Posts Tagged ‘American imperialism’

Nasir Khan: Will Obama help Kashmiri struggle against Indian rule?

October 30, 2010

Response to Shahid Siddiqi’s analysis of India’s occupation of Kashmir

By Nasir Khan,  Axis of Logic, Oct 30, 2010

Response by Axis of Logic reader, Nasir Khan on Obama’s November Vist to India: Help Kashmiris gain their right to self-determination.

Mr Siddiqi, I am sure you know what Obama stands for. Please let me add a bit on this score. The whole world knows him as a staunch defender of the policies of Israel who is flanked by and pushed around by Zionists. He has also earned himself the distinction of being a true successor to George W. Bush since stepping in the White House because he has not only followed the war policies of Bush but also extended the war of aggression in Afghanistan and Pakistan. He is responsible for the almost daily killings of the Pakistanis by drone missile attacks. Let us keep in view the fact that his hands are sullied with the blood of hundreds of innocent Pakistanis and there is no end in sight to such savagery. Obama does not stand for: kill first and explain later. He has a freehand in killing by his advanced technological devices and as far as he is concerned that is the end of the matter. Why? Because he represents the power of American imperialism, military-industrial complex and the corporate interests. That also means there is no inhibition or restraint on what he does. The determining factor in all this is the global military power and influence of the United States.

Will Obama do anything to stop India from its inhuman atrocities and oppression in Kashmir and seek a solution to the Kashmir Issue? I think, we should come out of such make-believe world of illusions. He wouldn’t do anything of the sort. There are many reasons for that. At present American imperialism, India’s Hindutva leadership and the Zionist rulers of Israel are close strategic and military partners. The last thing on their agenda can be solving the Kashmir Issue. They have other considerations for the region and the Middle East!

As far as the present Pakistani rulers are concerned, they are pawns in the hands of the Washington rulers. They dance to the tunes of or the crack of the whip of the Pentagon and the State Department obediently. They have allowed the United States military to use Pakistani airport Shamsi and other military facilities to launch drone attacks on Pakistanis. In return for American money and to appease the Washington rulers, Pakistani army in Waziristan has been acting  as a mercenary force killing and destroying its own people. So American drones and Pakistan army supplement each other. They are making the world safe for democracy and advancing ‘American’ values!

Source: Axis of Logic

The Following  photos are reproduced from Shahid R. Siddiqi’s article ‘Obama’s November Vist to India: Help Kashmiris gain their right to self-determination.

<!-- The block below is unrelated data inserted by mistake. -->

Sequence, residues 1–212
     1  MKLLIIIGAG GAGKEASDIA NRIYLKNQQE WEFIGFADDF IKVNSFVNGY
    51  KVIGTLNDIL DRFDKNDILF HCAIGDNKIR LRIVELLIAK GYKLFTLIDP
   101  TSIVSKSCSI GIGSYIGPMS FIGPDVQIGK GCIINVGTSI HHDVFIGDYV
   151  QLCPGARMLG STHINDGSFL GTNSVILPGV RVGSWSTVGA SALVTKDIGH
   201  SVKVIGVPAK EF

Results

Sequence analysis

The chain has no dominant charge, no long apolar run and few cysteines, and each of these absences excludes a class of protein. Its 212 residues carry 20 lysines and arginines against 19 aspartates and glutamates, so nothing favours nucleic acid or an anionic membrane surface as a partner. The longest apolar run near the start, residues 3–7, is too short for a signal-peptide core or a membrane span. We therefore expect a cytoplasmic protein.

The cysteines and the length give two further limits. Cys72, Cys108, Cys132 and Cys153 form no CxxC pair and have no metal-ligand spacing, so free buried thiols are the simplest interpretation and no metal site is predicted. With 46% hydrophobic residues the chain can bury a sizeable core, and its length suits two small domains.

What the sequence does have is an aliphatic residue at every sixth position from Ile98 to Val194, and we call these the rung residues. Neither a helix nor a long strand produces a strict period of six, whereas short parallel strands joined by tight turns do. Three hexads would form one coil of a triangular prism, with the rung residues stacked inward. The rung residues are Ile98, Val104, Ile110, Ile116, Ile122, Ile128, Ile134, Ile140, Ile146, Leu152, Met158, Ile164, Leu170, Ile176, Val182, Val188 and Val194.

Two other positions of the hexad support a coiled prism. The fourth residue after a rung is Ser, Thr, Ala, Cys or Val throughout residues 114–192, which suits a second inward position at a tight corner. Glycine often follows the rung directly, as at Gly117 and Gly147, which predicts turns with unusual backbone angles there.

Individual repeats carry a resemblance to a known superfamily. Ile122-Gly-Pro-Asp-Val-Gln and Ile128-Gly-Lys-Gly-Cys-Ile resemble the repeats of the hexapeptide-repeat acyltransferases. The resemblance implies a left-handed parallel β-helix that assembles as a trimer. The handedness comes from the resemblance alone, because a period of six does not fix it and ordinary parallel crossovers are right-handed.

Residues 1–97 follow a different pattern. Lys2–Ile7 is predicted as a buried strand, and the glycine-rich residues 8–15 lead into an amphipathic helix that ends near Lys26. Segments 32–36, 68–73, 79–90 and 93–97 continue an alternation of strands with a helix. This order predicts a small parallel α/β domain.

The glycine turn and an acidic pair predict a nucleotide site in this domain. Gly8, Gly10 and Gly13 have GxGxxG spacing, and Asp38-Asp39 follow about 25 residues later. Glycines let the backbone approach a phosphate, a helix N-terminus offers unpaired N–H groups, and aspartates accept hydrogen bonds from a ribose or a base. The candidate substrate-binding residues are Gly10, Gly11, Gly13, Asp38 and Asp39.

INDIAN BRUTALITY IN KASHMIR

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With Iraq plan, Obama embraces US militarism

March 2, 2009
Patrick Martin |  WSWS, 2 March 2009

In extending the full-scale US occupation of Iraq for another 18 months, and acceding to the timetable already adopted by the Bush administration for a tentative pullout by the end of 2011, President Barack Obama has done more than betray the hopes of the millions of antiwar voters who supported his candidacy in 2008.

He has fully identified the incoming Democratic Party administration with the fraudulent arguments employed by the Bush White House to justify the ongoing war in Iraq, after its initial claims about “weapons of mass destruction” and ties between Iraq and the 9/11 terrorist attacks had been proven to be lies.

Obama’s speech to thousands of Marines at Camp Lejeune was an effort to legitimize the US conquest and occupation of Iraq and present the American military as an instrument of liberation rather than imperialist war and oppression.

While candidate Obama described the Iraq war as one that “should never have been authorized and never been waged,” President Obama gave a much different reading. “You have fought against tyranny and disorder,” he told the assembled troops. “You have bled for your best friends and for unknown Iraqis. And you have borne an enormous burden for your fellow citizens, while extending a precious opportunity to the people of Iraq.”

No one would know from this effusive description that the US intervention’s main effect upon “unknown Iraqis” was to kill, maim and displace them. Some 1 million people have died since the US invasion in March 2003, including hundreds of thousands killed by US bombs, missiles and shells fired at civilian neighborhoods. Countless Iraqi civilians have been murdered at US checkpoints for the crime of not slowing down quickly enough.

As for the “precious opportunity” allegedly extended to the people of Iraq, it is the right to vote for parties and politicians sponsored by the US occupation regime to preside over a society that has been virtually destroyed.